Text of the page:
Tag Archives: McNally Jackson Books

Surrealist Film at Pravda: Thoughts on Breton’s Automatism and Kerouac’s Spontaneous Prose

17 Feb

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Pravda ran a Surrealist and Experimental film night series over the summer, and although I’m terribly late in posting about it, my friend and I had such a great time that I figured better late than never. One night of Surrealism can lead to many more!

Pravda is a subterranean Russian speakeasy in Soho, near two of my favorite bookstores, Housing Works and McNally Jackson. They serve delicious food and have a fantastic vodka selection. I cannot recommend the horseradish-infused vodka enough.

Occasionally they host special events, such as Salon Dinners, Roaring Twenties Parties, and Surrealist & Experimental Cinema of the 1920s & 30s. The film nights are such a treat! The films are actually silent, and they hire a musician to play live piano music!! I was enthralled. Inspired. They showed films by Man Ray, whom I’d studied at Scripps College, as well as other artists.

A little background::: Surrealism developed out of Dada during World War I in Paris. André Breton is the key player here. Using Sigmund Freud’s psychoanalytic methods on soldiers, the French poet worked at a neurological hospital. In 1924, he wrote the Surrealist Manifesto, a work that defined the cultural revolution:

“Psychic automatism in its pure state, by which one proposes to express — verbally, by means of the written word, or in any other manner — the actual functioning of thought. Dictated by the thought, in the absence of any control exercised by reason, exempt from any aesthetic or moral concern.”

While Surrealism affected all the arts, I want to pause right here to focus on the connections between Surrealist literature and the Beat Generation. The idea of Surrealist automatism is key here. Automatism is the practice of writing without self-censorship. The Oxford University Press defines it as:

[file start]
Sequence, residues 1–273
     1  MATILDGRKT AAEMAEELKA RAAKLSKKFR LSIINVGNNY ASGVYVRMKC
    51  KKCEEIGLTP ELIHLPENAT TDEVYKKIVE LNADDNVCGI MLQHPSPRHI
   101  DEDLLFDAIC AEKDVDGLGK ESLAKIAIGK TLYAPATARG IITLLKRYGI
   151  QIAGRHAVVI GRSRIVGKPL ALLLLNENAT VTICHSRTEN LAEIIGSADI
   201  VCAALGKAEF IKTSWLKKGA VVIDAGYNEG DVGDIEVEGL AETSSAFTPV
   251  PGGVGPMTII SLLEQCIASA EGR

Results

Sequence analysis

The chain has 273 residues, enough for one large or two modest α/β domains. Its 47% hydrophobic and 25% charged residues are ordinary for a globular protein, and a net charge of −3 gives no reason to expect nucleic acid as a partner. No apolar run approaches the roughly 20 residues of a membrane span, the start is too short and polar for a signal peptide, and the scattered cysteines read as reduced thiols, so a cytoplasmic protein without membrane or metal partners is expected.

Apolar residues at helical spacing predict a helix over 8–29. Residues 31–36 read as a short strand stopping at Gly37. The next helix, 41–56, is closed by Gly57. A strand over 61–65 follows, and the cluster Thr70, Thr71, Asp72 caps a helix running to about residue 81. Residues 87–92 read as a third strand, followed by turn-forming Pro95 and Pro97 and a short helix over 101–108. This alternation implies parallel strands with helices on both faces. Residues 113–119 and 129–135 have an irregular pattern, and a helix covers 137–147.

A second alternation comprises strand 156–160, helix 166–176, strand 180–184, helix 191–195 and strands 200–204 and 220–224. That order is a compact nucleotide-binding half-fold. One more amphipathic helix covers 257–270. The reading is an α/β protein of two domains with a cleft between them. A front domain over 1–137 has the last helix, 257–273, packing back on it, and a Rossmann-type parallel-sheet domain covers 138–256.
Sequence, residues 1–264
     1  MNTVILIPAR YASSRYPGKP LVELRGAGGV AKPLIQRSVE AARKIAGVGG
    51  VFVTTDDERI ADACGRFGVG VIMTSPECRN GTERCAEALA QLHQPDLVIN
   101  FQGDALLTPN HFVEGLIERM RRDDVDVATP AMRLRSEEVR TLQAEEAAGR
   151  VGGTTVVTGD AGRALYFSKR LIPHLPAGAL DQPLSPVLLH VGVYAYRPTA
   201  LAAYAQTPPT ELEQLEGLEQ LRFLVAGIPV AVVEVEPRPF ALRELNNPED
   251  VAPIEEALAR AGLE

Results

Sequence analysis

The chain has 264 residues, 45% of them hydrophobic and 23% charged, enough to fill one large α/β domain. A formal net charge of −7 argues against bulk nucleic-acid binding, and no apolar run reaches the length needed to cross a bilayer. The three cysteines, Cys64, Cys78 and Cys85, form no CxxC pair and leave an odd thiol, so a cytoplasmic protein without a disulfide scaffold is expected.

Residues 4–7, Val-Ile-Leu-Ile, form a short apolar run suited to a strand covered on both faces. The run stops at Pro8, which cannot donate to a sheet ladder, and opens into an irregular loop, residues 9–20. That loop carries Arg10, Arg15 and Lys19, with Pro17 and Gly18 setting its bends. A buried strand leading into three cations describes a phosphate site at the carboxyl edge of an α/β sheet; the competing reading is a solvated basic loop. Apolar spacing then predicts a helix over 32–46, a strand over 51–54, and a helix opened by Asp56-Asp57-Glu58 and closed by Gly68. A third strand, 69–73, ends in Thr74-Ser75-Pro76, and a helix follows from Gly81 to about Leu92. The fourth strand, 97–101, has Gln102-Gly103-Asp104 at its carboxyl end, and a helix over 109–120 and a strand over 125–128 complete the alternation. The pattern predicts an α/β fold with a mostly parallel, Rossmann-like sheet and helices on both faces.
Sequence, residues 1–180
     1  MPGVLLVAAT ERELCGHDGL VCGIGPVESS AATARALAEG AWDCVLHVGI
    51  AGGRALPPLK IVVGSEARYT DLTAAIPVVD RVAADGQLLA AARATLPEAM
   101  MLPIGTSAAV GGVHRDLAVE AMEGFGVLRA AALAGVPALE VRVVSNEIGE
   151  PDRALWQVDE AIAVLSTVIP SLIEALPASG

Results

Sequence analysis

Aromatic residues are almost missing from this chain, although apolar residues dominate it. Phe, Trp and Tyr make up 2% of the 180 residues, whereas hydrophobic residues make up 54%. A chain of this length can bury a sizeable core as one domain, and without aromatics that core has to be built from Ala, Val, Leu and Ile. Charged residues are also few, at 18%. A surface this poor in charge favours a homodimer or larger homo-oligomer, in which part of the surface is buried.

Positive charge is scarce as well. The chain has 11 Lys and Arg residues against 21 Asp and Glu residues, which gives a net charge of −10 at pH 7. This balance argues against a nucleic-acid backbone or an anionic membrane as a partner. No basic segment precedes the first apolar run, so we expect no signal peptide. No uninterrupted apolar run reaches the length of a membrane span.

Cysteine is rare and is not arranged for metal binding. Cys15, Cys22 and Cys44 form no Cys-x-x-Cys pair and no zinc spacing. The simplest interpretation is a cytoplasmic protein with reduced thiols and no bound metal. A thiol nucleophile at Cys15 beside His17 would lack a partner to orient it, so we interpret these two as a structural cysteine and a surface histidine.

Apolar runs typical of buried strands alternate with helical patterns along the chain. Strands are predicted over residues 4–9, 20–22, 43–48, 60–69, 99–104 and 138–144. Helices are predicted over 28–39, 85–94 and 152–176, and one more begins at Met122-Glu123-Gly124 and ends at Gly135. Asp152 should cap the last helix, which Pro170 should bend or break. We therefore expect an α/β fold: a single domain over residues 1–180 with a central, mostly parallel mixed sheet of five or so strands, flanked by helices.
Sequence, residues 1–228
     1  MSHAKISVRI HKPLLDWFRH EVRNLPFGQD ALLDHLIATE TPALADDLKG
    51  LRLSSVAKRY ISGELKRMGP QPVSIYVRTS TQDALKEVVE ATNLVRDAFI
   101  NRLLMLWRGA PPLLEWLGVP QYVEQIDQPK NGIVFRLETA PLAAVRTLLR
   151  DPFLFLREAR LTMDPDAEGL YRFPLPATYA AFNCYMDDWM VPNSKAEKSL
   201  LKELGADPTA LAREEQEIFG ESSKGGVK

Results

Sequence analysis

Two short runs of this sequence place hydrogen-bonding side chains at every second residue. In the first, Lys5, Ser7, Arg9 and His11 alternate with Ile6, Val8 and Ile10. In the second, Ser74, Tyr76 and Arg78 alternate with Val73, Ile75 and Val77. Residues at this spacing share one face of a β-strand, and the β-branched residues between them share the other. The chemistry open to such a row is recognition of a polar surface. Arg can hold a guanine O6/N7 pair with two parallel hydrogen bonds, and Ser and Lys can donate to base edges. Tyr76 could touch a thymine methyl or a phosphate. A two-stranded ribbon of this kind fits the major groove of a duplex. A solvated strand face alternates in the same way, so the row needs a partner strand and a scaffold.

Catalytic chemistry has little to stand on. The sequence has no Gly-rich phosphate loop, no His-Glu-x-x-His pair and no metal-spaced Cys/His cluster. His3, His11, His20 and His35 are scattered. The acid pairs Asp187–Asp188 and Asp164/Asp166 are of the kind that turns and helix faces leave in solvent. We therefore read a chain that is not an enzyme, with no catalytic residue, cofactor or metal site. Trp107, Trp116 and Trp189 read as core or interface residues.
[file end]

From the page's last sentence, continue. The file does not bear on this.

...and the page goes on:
Term appropriated by the Surrealists from physiology and psychiatry and later applied to techniques of spontaneous writing, drawing and painting.

“Spontaneous writing.” Sound familiar? Jack Kerouac wrote a writing manifesto called “Essentials of Spontaneous Prose.” In it, Kerouac wrote, for example:

Not “selectivity” of expression but following free deviation (association) of mind into limitless blow-on-subject seas of thought….

I haven’t yet done any extensive research into this to see if the connections are accurate, but there is a cultural connection to Kerouac and automatism. On Wikipedia (obviously not a true source to go by, but one that can be a launching pad for actual informed research) I read:

The notion of Automatism is also rooted in the artistic movement of the same name founded by Montreal artist Paul-Emile Borduas in 1942; himself influenced by the Dadaist movement as well as André Breton. He, as well as a dozen other artists from Quebec’s artistic scene, very much under restrictive and authoritarian rule in that period, signed the Global Refusal manifesto, in which the artists called upon North American society (specifically in the culturally unique environment of Quebec), to take notice and act upon the societal evolution projected by these new cultural paradigms opened by the Automatist movement as well as other influences in the 1940s.